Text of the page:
“'Jonathan Thompson says that prisoner was requested to look for chest of money; did look, and pretended to know there it was; and that prisoner, Thompson, and Yeomans went in search of it;
“'[T]hat Smith arrived at spot first; was at night;
“'[T]hat Smith looked in hat while there, and when very dark, told how the chest was situated. After digging several feet, struck upon something sounding like a board or plank.
“'Prisoner would not look again, pretending that he was alarmed on account of the circumstances relating to the trunk being buried, [which] came all fresh to his mind.
“'That the last time he looked, he discovered distinctly the two Indians who buried the trunk,
"'[T]hat a quarrel ensued between them, and
“'[T]hat one of said Indians was killed by the other, and thrown into the hole beside the trunk, to guard it, as he supposed.
“'Thompson says that he believes in the prisoner's professed skill;
"[T]hat the board which he struck his spade upon was probably the chest, but on account of an enchantment the trunk kept settling away from under them when digging,
“[T]hat notwithstanding they continued constantly removing the dirt, yet the trunk kept about the same distance from them.
“'Says prisoner said that it appeared to him that salt might be found at Bainbridge, and
“[T]hat he is certain that prisoner can divine things by means of said stone.
“'That as evidence of the fact prisoner looked into his hat to tell him about some money witness lost 16 years ago, and
“'[T]hat he described the man that witness supposed had taken it, and the disposition of the money:
“'And therefore the Court find the Defendant guilty. Costs: Warrant, 19 cents. Complaint upon oath, 25 1/2 cents. Seven witnesses, 87 1/2 cents. Recognisances, 25 cents. Mittimus, 19 cets . Recognisances of witnesses, 75 cents. Subpoena, 18 cents--$2.68.'
“The Mormon writer Francis W. Kirkham just could not allow himself to believe that the 1826 court record was authentic. He, in fact, felt that if the transcript were authentic it would disprove Mormonism:
“'A careful study of all facts regarding this alleged confession of Joseph Smith in a court of law that he had used a seer stone to find hidden treasure for purposes of fraud, must come to the conclusion that no such record was ever made, and therefore, is not in existence.. . . . [H]ad he [Joseph Smith] made this confession in a court of law as early as 1826, or four years before the Book of Mormon was printed, and this confession was in a court record, it would have been impossible for him to have organized the restored Church. ('A New Witness For Christ In America,' vol. 1, pp. 385-387)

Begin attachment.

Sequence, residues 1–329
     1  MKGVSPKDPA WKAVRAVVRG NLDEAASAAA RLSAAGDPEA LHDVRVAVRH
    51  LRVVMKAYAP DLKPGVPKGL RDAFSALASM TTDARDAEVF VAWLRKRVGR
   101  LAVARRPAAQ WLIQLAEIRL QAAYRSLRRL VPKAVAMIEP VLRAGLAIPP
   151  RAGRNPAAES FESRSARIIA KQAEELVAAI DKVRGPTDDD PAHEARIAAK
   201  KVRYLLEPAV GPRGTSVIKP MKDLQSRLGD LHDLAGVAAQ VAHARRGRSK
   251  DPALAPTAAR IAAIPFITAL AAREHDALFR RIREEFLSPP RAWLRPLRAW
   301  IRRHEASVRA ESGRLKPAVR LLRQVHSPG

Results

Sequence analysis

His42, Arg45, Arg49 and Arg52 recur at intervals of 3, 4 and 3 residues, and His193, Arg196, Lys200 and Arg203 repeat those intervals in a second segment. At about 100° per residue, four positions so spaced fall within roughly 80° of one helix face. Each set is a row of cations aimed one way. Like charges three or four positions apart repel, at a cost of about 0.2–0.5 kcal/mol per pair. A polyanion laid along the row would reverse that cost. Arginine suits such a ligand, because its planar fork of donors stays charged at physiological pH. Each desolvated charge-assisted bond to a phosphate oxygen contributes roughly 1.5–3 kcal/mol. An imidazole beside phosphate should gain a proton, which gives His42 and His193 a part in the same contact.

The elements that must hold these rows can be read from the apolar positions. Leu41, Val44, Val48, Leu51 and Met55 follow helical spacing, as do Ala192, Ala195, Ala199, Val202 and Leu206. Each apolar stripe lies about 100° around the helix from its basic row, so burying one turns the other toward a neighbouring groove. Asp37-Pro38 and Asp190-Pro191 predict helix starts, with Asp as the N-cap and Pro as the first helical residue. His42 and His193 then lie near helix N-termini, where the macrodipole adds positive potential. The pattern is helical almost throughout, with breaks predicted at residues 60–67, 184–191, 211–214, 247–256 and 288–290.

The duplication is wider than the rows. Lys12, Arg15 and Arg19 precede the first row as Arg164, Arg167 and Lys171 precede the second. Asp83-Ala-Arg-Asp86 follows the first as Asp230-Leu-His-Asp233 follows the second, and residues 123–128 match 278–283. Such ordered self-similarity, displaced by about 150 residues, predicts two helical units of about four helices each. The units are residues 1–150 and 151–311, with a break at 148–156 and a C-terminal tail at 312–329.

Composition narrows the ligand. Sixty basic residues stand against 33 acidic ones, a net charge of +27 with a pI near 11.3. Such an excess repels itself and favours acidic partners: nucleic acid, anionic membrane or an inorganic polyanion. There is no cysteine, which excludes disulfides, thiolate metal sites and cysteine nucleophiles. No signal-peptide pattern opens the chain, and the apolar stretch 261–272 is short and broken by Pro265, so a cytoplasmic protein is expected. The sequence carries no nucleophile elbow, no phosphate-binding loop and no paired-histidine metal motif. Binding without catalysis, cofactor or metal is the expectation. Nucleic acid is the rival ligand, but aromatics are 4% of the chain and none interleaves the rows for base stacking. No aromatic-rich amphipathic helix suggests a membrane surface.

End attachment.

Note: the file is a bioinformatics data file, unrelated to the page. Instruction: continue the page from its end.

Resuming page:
“'If a court record could be identified, and if it contained a confession by Joseph Smith which revealed him to be a poor, ignorant, deluded, and superstitious person--unable himself to write a book of any consequence, and whose Church could not endure because it attracted only similar persons of low mentality--[I]f such a court record confession could be identified and proved, then it follows that his believers must deny his claimed divine guidance which led them to follow him. . . . How could he be a prophet of God, the leader of the Restored Church to these tens of thousands, if he had been the superstitious fraud which 'the pages from a book' declared he confessed to be?' (ibid., pp. 486-487)
“The noted Mormon apologist--Hugh Nibley--published a book in which this statement appeared: '. . . [I]f this court record is authentic it is the most damning evidence in existence against Joseph Smith.' ('The Myth Makers,' 1961, p. 142)
'On the same page we read that such a court record would be 'the most devastating blow to Smith ever delivered.' Because he could see the serious implications of the matter, Dr. Nibley tried in every way possible to destroy the idea that the court record was an authentic document.
“As we indicated earlier, in 1971 Wesley P. Walters made an astounding discovery which destroyed many of the arguments Mormon writers had used to discredit the 1826 court record. While searching through some old records stored in the basement of the county jail in Norwich, New York, Wesley Walters and Fred Poffarl discovered two documents from Bainbridge which confirmed the authenticity of the printed court record. The most important was Justice Albert Neely's [autographed] bill to the county for his fees in several legal matters he was involved with in 1826. The fifth item from the top mentioned the case of' 'Joseph Smith The Glass looker.'
"The fact that Justice Neely said Joseph Smith was a "Glass looker" fits very well with the published version of the legal proceedings. Hugh Nibley and other Mormon apologists became strangely silent after these documents were discovered. . . .